Book Review: Outpost by Ann Aguirre

September 7, 2012 Books, Reading, Reviews 1

Outpost CoverOutpost by Ann Aguirre

Series: Book 2 in the Razorland Trilogy
Genre(s): Young Adult/Teen, Dystopian/Post-Apocalyptic
Publisher: Feiwel and Friends
Available Formats: Hardcover, Ebook
Description: Deuce’s whole world has changed. Down below, she was considered an adult. Now, topside in a town called Salvation, she’s a brat in need of training in the eyes of the townsfolk. She doesn’t fit in with the other girls: Deuce only knows how to fight.

To make matters worse, her Hunter partner, Fade, keeps Deuce at a distance. Her feelings for Fade haven’t changed, but he seems not to want her around anymore. Confused and lonely, she starts looking for a way out.

Deuce signs up to serve in the summer patrols—those who make sure the planters can work the fields without danger. It should be routine, but things have been changing on the surface, just as they did below ground. The Freaks have grown smarter. They’re watching. Waiting. Planning. The monsters don’t intend to let Salvation survive, and it may take a girl like Deuce to turn back the tide.

Read my review of Outpost, Book 1 of the Razorland trilogy.

This review is based on a copy received from Amazon Vine.

TDF Pamela’s Review:

This review will contain spoilers for Enclave, the first book in the Razorland trilogy, so beware if you haven’t read it yet!

When I first started reading Outpost, I was very nearly put out by the slower pace of the story. Enclave kept me clinging to each page, but Outpost moves at a more sedate pace, at least for the first half. But as I dug deeper into Deuce’s new world, I realized that the slower pace works very well, for Deuce is dealing with a completely different set of challenges in the walled town of Salvation than she had in the tunnels or on the run.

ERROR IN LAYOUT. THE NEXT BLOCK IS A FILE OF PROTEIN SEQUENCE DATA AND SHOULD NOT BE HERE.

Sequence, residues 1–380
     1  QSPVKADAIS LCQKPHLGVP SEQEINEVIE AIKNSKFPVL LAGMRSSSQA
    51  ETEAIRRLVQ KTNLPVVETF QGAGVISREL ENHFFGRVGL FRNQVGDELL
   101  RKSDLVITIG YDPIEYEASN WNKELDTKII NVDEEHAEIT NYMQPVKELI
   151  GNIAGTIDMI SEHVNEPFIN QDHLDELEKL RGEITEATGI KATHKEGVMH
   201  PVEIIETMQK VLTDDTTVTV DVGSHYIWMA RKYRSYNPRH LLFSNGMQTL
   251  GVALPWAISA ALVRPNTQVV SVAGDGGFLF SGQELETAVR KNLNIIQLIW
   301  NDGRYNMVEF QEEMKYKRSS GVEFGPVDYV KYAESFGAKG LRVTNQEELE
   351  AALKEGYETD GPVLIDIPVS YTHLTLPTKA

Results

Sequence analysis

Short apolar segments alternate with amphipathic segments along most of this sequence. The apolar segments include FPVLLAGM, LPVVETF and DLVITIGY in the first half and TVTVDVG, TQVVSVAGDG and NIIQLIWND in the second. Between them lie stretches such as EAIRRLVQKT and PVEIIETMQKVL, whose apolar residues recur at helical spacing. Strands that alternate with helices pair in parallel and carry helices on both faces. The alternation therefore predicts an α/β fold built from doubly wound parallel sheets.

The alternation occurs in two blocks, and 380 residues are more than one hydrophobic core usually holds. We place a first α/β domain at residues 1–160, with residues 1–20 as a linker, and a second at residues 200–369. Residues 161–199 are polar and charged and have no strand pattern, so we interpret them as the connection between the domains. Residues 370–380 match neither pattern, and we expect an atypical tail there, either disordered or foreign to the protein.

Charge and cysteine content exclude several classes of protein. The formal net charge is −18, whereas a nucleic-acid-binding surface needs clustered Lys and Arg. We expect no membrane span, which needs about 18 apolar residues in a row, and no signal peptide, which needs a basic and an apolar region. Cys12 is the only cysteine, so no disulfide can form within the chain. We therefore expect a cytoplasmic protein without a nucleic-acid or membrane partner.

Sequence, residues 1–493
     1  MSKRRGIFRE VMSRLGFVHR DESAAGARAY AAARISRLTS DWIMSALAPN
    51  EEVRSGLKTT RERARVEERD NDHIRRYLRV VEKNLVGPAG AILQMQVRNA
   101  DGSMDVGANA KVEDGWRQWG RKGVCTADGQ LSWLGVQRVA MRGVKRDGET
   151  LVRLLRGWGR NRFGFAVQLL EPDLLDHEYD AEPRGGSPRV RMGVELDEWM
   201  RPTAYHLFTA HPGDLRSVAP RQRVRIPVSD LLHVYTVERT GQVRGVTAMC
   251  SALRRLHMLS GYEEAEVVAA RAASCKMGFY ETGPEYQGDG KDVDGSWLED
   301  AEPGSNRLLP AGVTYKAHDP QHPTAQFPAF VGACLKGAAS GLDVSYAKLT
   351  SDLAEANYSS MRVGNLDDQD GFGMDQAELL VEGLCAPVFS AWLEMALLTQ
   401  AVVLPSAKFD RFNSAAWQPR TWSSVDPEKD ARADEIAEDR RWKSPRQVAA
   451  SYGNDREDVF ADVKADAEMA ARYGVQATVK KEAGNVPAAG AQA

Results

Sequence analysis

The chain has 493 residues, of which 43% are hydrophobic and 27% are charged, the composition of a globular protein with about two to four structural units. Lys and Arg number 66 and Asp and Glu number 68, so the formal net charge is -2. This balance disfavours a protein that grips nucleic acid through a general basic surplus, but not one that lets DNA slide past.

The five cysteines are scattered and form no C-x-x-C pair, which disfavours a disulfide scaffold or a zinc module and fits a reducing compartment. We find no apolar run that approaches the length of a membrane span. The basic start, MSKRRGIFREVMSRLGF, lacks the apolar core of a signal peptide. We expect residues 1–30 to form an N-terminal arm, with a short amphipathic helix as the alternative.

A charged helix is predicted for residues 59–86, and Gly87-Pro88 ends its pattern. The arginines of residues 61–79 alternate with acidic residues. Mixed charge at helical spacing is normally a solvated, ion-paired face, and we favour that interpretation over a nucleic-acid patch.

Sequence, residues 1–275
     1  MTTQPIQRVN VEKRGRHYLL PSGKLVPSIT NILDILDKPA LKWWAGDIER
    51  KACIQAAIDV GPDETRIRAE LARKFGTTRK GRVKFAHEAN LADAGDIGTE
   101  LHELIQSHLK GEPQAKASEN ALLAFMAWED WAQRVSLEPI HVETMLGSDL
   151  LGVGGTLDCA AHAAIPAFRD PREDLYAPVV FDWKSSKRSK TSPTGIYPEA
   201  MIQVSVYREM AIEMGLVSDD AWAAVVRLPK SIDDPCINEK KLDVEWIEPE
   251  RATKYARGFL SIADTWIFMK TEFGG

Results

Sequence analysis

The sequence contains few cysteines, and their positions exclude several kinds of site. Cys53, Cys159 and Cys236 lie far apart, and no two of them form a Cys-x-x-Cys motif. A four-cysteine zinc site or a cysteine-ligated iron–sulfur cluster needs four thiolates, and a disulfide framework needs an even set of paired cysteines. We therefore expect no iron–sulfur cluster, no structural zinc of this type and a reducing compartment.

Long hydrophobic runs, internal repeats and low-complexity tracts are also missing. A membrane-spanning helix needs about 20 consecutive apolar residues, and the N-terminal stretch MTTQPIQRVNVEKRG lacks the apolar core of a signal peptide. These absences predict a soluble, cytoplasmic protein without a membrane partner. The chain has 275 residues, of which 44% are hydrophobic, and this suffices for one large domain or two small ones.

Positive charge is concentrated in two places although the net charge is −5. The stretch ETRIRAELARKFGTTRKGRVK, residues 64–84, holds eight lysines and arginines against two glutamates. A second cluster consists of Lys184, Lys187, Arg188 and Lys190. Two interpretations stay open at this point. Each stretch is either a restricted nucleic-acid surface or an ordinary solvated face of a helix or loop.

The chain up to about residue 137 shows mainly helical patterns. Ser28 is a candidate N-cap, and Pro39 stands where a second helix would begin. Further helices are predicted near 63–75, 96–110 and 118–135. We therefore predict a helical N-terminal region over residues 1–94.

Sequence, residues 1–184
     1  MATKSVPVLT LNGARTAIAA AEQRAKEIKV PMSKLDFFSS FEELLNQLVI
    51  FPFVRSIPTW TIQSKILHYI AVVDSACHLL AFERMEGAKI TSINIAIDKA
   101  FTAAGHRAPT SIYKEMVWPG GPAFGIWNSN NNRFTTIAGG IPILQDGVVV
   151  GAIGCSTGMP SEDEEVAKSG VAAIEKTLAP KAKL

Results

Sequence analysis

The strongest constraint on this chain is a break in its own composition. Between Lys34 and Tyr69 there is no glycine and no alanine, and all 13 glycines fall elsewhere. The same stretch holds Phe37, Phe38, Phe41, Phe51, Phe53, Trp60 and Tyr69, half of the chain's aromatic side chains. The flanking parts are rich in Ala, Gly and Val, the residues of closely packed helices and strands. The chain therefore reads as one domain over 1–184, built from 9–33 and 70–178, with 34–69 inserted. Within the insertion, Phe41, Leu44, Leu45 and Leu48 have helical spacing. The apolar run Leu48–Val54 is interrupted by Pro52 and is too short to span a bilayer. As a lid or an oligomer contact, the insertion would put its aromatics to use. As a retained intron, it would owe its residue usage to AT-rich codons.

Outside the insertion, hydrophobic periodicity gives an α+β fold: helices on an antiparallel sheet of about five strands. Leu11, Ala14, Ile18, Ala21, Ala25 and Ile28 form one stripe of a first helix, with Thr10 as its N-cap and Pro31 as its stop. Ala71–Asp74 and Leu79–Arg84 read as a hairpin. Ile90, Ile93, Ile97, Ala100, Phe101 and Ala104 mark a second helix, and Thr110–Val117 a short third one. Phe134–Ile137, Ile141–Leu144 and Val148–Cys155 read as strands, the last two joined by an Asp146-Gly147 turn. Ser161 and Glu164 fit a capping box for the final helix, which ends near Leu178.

Deuce, Fade, Tegan, and Stalker reached Salvation at the end of Enclave, and Outpost starts by establishing Deuce’s sense of alienation in this very strange, traditional place. According to the author’s note at the end, Salvation is based on the idea that people in this post-apocalyptic world tried to restart civilization based on something like Amish ideals; isolation, self-reliance, and piety. Obviously, this is very different from the kill-or-be-killed existence that Deuce and her companions were used to. Tegan immediately tries to fit into her new role in Salvation, and Fade is quiet as ever. Stalker hovers at the edges, and Deuce… Deuce feels wasted having to sit in school and learn useless things about the past.

The major theme in this book is reconciliation of the old Deuce and the new Deuce; is she a Huntress, or is she a girl? The first half of the book deals with Deuce slowly realizing that there are two sides, and the second half deals with her attempts to combine those two sides into her view of herself. The self-discovery in the first half of the book works well at the slower pace, and in the second half, she’s forced to face those two aspects of her personality head-on in a fight to save Salvation from encroaching hordes of Freaks, the humanoid but mutated creatures that are slowly becoming more and more human-like to the horror of Deuce and the people of Salvation.

As Deuce gets to know and learns to love some of the people in Salvation–Longshot, the man who rescued the four of them in the wild; Mama Oaks and Edmund, her foster parents; Tegan; and most of all Fade–you grow to love them, too. When she misses Fade’s touch, I ached along with her. I wanted to bury my face in Mama Oaks’s apron and cry with Deuce. So it’s just as heartbreaking for the reader when terrible things happen to these people.

The love triangle between Deuce, Fade, and Stalker is still an element in the plot, but there are enough monkey wrenches thrown into Deuce’s life to keep things from becoming stagnant and clichéd like many teen novel love triangles. Stalker puts me on edge, so I’m definitely hoping Deuce stays on track with her feelings for the more stable but damaged Fade. (Okay, got my romantic subplot obsession out of the way.)

Like Enclave, Outpost ends on an almost-cliffhanger that will lead directly into the final novel in the trilogy, tentatively titled Horde according to Ms. Aguirre’s website. I personally can’t wait to see what happens next in this beautifully developed post-apocalyptic world.

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